Besides Spinraza, Biogen also won coverage for multiple sclerosis drug Fampyra, for which it licensed ex-U.S. rights from Acorda Therapeutics.

Other rare disease therapies that earned their places on NRDL include Pfizer’s expected blockbuster Vyndamax (Vyndaqel) for a heart condition caused by transthyretin-mediated amyloidosis and Takeda’s Fabry’s disease treatment Replagal and hereditary angioedema therapy Firazyr, among others.

Foreign-made cancer immunotherapies miss the boat

Another closely watched negotiation centers on CD19-targeted CAR-T therapy Yescarta, marketed in China by a joint venture between Gilead Sciences’ Kite Pharma and domestic player Fosun Pharma. The drug was eligible for negotiation thanks to a June approval in third-line large B-cell lymphoma.

As the first CAR-T to enter China, Yescarta didn’t get onto the NRDL this time. The complex T-cell one-time therapy reportedly carries a sticker price of 1.2 million yuan ($188,000).

During a press conference Friday, Jie Zheng, the leader of a cost evaluation team for this round of negotiation, indicated that 300,000 yuan ($47,000) is the maximum annual cost for any drug that China’s national insurance scheme would cover, Yicai reported.

RELATED: With approval for China's 2nd CAR-T therapy, Juno, WuXi joint venture goes up against Gilead and Fosun's Yescarta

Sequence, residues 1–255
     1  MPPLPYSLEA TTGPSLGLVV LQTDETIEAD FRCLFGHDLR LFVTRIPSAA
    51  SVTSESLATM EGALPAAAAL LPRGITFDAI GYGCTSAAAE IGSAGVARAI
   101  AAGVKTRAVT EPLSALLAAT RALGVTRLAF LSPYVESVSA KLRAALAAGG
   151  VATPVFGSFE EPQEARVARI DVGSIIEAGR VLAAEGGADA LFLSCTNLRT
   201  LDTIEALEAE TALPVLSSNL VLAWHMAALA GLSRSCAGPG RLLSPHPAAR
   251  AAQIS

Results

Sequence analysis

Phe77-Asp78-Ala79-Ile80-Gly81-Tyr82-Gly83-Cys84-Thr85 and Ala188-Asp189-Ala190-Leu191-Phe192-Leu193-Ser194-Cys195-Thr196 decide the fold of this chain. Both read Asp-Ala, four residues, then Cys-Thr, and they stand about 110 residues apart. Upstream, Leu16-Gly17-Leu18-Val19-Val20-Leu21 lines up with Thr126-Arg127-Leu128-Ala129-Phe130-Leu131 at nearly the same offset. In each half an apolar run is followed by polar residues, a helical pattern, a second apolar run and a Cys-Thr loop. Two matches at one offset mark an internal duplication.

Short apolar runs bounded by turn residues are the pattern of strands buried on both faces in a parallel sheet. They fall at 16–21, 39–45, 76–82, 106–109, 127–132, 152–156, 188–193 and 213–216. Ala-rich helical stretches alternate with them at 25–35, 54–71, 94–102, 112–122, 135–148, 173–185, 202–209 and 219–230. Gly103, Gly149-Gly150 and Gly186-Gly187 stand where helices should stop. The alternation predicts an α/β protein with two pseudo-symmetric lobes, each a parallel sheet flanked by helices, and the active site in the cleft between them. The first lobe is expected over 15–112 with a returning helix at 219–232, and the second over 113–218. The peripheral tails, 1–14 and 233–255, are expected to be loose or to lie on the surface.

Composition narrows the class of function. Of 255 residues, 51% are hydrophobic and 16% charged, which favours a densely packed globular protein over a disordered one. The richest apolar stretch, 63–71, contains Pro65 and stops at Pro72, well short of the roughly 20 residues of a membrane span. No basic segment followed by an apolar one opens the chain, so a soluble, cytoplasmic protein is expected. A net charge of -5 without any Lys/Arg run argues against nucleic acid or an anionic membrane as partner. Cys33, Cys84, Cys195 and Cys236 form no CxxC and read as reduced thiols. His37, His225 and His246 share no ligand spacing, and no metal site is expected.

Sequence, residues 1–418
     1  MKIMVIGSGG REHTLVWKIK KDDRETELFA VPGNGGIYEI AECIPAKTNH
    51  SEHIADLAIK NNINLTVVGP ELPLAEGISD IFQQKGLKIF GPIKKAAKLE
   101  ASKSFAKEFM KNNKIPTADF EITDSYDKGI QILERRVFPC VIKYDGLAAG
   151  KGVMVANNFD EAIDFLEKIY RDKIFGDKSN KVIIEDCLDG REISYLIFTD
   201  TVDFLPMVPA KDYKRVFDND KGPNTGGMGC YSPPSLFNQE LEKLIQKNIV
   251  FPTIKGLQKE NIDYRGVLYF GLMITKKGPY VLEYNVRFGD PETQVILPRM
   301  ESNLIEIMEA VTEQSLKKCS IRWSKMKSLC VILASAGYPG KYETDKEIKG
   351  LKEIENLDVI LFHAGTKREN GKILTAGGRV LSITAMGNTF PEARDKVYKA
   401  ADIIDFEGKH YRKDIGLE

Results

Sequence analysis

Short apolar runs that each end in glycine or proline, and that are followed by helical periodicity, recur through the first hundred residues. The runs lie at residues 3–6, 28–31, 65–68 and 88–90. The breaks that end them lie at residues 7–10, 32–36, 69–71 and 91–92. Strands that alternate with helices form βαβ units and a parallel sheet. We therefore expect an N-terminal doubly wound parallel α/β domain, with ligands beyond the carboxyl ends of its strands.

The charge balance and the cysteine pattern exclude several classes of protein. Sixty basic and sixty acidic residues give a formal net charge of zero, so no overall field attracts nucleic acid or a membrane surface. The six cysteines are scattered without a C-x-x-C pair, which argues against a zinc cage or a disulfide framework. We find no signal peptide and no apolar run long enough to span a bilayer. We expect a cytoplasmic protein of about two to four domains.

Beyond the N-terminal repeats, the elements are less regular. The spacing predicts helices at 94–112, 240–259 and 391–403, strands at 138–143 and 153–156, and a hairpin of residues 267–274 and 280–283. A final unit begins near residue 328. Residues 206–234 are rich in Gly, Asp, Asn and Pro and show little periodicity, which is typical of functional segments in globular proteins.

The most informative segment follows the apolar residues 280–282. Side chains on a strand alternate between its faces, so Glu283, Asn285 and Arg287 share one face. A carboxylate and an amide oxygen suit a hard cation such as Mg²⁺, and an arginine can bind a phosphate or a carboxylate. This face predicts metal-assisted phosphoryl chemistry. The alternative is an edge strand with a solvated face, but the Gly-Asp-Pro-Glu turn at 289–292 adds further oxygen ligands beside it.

Also in the cancer immunotherapy field, once again, none of the Western-made checkpoint inhibitors made it onto the NRDL this time. Now, after a third year, without a deal, the NRDL path seems to be a dead end for foreign PD-1/L1 inhibitors such as Merck’s Keytruda, BMS’ Opdivo and AZ’s Imfinzi.

In contrast, Chinese PD-1/L1 players are busy building new indications into their offerings’ coverage scope. BeiGene, for example, added front-line non-small cell lung cancer and second-line liver cancer to tislelizumab’s reimbursed indications. Innovent Biologics and partner Eli Lilly earned Tyvyt two front-line NSCLC uses and a front-line liver cancer indication. It’s not clear how much—if any—additional discounts the companies offered to expand their drugs’ coverage.

China’s PD-1/L1 market is getting increasingly crowded with a growing list of domestic players. In August, China’s National Medical Products Administration approved two PD-1 inhibitors—Akesobio’s penpulimab and Gloria Biosciences and WuXi Biologics’ zimberelimab—both for previously treated classic Hodgkin lymphoma. Just a few days ago, envafolimab, which is jointly developed by 3D Medicines, Alphamab Oncology and Simcere Pharmaceutical, picked up an approval in China and became the world’s first subcutaneous PD-L1 antibody to be cleared anywhere.